While this topic is specific to Merrill, it’s certainly not meant to be an indictment against the firm. It’s an example of the growing pains experienced at any of the larger bank-owned firms as they struggle to balance growth and revenue—while managing thousands of advisors and creating layers of guidance designed to serve many.
For example, in an attempt to stave off increasing advisor attrition by addressing some of the frustrations expressed by their advisors, Merrill Lynch rolled out a campaign called Project Thunder.
Since its launch over the summer, there remains some unanswered questions:
- Does the campaign resolve what’s really bugging advisors most?
- Will these measures work to halt the tide of attrition?
- Or to put it another way, is it too little too late?
This episode explores the answers to those questions and more, plus delves into what we’re hearing from advisors:
- Many want to take a “wait and see” approach. Is there any risk to staying put?
- Advisors are growing at record rates—especially this year. Why mess with success?
- Is Project Thunder the beginning of greater acknowledgement by Bank of America that there are changes that need to be made to stave off further attrition?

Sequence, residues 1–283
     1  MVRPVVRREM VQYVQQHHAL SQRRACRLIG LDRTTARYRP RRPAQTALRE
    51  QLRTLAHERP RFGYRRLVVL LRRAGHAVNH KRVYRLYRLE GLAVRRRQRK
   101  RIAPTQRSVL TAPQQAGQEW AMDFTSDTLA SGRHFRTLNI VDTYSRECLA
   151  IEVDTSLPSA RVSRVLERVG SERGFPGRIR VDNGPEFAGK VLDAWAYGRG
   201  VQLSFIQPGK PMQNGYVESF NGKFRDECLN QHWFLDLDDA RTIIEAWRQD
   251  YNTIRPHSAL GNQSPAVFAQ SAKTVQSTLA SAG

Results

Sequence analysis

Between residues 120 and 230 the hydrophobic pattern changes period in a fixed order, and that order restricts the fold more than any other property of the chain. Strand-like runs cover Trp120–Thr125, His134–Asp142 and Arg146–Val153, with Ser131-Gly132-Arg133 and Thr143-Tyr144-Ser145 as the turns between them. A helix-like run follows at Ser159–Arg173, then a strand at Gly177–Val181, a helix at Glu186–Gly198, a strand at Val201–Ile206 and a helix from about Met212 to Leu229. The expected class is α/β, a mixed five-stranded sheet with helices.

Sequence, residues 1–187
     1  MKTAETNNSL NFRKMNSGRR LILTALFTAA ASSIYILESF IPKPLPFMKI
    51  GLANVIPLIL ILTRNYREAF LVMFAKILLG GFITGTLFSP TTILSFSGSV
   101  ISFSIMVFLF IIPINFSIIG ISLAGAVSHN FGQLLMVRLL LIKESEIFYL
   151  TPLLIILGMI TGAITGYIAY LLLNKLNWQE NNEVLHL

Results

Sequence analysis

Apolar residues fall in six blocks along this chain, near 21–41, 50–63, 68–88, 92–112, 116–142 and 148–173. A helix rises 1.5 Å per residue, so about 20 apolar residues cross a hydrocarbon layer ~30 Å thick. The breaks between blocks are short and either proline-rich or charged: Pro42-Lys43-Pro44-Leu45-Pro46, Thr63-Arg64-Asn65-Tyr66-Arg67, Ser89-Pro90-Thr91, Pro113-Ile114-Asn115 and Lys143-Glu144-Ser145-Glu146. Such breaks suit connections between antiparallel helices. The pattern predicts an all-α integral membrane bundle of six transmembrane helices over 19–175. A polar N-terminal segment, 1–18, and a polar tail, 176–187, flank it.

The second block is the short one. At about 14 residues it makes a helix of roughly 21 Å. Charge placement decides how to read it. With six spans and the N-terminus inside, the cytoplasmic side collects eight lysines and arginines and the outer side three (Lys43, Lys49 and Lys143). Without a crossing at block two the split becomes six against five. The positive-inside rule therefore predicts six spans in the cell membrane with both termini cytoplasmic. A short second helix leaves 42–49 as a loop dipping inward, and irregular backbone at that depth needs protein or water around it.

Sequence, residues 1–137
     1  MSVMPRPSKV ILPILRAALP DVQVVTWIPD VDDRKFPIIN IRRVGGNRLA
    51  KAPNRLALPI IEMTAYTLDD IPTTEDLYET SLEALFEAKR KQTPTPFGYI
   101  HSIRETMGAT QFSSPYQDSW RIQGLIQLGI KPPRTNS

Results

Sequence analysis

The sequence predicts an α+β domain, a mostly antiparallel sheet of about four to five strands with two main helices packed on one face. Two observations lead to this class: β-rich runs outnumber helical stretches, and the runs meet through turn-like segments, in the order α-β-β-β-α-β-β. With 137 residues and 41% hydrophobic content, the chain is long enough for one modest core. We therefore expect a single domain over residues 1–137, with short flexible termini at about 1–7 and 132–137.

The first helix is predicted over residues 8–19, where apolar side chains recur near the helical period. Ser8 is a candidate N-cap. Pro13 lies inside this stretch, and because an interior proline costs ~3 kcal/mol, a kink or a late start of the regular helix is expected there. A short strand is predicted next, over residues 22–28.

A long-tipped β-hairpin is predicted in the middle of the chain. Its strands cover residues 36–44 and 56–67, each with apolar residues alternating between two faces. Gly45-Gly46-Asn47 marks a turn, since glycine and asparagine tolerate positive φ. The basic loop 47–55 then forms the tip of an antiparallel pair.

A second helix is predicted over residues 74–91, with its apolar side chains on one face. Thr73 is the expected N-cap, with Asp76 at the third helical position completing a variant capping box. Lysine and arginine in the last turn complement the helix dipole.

- And, ultimately, what can advisors expect in the coming months?
To be sure, Merrill is a world-class firm with a strong platform, technology stack and brand respected more than most in the industry. And it wouldn’t take much to get advisors to stay put.
And this is true of any large firm: Advisors don’t need all of their needs to be addressed. What advisors do want is to feel connected. They want to feel as though they are being heard. And they want to retain some agency over their business lives.
Listen to learn more about how these changes impact employee advisors at all ranks at Merrill and other large firms.
Mindy Diamond is CEO of Diamond Consultants in Morristown, N.J., a nationally recognized boutique search and consulting firm in the financial services industry.